DOI: 10.1002/alz.079627 ISSN: 1552-5260

Cholinesterase inhibitors are associated with large reductions in hospitalization for cardiovascular events and mortality in patients with Alzheimer’s dementia and heart failure

Marianne Reimers Wessberg, Hong Xu, Johan Fastbom, Ake Seiger, Maria Eriksdotter
  • Psychiatry and Mental health
  • Cellular and Molecular Neuroscience
  • Geriatrics and Gerontology
  • Neurology (clinical)
  • Developmental Neuroscience
  • Health Policy
  • Epidemiology



Cholinesterase inhibitors (ChEIs) are approved for treatment of Alzheimer’s dementia (AD). ChEIs inhibit the enzyme acetylcholinesterase, increasing the duration of action of acetylcholine in the central and peripheral nervous systems. ChEIs are known to be anti‐inflammatory and to have negative chronotropic effects. Observational studies by us and other groups have indeed shown an association with use of ChEIs in AD with lower risk of death and cardiovascular events (CVD) including myocardial infarction, heart failure (HF), and stroke. We next wanted to investigate whether ChEI treatment in AD patients with HF is associated with reduced risk for mortality and for hospitalization due to CVD.


Data from the Swedish registry for dementia disorders, SveDem,was linked to the Patient‐, Prescribed Drug‐ and Cause of death registries. In a propensity score (PS) matched cohort of patients with AD and HF, the association between ChEI use and all‐cause death or hospitalization due to CVD was examined with Cox proportional hazards models.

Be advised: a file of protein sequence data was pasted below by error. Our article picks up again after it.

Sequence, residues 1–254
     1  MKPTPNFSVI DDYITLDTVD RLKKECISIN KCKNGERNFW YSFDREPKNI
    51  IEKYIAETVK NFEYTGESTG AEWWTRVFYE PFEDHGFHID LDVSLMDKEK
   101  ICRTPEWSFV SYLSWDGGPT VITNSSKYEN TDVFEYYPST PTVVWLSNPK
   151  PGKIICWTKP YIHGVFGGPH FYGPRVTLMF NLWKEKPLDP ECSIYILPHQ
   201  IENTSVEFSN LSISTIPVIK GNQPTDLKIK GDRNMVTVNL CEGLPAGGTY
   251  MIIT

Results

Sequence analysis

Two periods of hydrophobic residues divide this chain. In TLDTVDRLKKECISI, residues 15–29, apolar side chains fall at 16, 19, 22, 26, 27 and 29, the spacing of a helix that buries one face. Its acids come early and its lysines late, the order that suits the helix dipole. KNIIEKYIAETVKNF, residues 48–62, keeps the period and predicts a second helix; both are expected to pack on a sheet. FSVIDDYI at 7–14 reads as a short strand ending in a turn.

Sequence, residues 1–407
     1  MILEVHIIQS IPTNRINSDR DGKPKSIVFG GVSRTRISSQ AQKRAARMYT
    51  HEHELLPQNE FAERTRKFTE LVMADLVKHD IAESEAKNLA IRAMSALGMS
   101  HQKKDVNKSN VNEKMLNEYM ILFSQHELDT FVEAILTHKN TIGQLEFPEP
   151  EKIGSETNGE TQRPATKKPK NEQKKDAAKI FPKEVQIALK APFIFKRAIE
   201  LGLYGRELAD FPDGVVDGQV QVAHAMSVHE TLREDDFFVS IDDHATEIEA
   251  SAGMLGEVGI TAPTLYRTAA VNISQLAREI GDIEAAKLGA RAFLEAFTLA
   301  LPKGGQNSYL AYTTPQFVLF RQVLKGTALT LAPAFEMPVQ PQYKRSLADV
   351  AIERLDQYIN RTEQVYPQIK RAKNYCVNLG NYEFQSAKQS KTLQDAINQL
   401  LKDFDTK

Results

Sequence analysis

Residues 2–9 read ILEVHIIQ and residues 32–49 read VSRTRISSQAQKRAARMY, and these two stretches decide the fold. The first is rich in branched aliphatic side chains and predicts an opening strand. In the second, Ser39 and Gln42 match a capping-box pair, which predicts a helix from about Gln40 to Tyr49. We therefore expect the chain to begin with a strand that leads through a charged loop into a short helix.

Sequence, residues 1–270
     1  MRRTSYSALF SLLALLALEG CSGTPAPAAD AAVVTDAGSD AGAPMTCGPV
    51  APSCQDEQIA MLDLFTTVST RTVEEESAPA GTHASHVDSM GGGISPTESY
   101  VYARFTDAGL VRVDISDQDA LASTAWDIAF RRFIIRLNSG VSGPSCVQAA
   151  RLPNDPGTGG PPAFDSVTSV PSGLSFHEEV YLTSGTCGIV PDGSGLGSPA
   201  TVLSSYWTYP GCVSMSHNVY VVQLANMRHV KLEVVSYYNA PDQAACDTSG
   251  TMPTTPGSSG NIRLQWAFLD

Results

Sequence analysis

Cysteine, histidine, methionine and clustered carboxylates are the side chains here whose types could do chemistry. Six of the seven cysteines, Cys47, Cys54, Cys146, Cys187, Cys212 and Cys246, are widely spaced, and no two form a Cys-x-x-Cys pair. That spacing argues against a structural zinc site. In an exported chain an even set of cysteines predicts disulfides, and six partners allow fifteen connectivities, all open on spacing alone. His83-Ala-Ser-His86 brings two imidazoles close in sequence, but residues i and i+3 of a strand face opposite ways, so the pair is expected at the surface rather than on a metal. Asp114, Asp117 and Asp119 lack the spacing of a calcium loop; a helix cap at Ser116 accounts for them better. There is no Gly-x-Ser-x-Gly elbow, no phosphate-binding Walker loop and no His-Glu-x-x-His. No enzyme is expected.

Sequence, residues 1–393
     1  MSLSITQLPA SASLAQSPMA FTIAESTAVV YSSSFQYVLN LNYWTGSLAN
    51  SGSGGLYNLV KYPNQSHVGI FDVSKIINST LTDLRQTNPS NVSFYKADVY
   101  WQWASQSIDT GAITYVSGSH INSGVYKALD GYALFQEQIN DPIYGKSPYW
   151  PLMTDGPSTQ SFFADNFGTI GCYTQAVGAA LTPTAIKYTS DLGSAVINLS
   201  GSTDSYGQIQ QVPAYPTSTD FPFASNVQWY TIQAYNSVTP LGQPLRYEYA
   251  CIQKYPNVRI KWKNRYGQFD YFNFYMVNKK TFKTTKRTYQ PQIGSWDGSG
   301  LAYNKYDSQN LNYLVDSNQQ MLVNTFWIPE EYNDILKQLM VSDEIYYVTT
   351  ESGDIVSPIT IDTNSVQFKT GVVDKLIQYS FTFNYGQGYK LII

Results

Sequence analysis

The PS matched cohort included 455 patients with HF prior to the AD diagnosis with ChEI and 455 non‐ChEI users. During a median follow‐up time of 2.14 years, 549 deaths occurred. Compared to non‐users, ChEI use was associated with 21% lower risk of death (adjusted HR 0.79; 0.66‐0.96). Galantamine and donepezil (0.64; CI 0.47‐0.87 and 0.80; CI 0.64‐0.98) but not rivastigmine (0.96; CI 0.73‐1.28) were associated with lower risk of death. Any ChEI use was associated with a 47% (CI 0.38‐0.75) reduction in risk of hospitalization due to HF and a 52% reduction (CI 0.32‐072) among donepezil‐users.


This study supports previous reports that treatment with ChEIs in AD is associated with reduced mortality risk. We here show that this association is also found in patients with HF and AD but with differential effects among the ChEIs. Further studies are needed to elucidate the mechanisms. The study also showed a substantial reduction in hospitalization due to CVD. Our results highlight the impact of cardiovascular comorbidities in AD which need to be considered in clinical trials as would the impact of the baseline treatment with ChEIs in new anti‐dementia drug trials.

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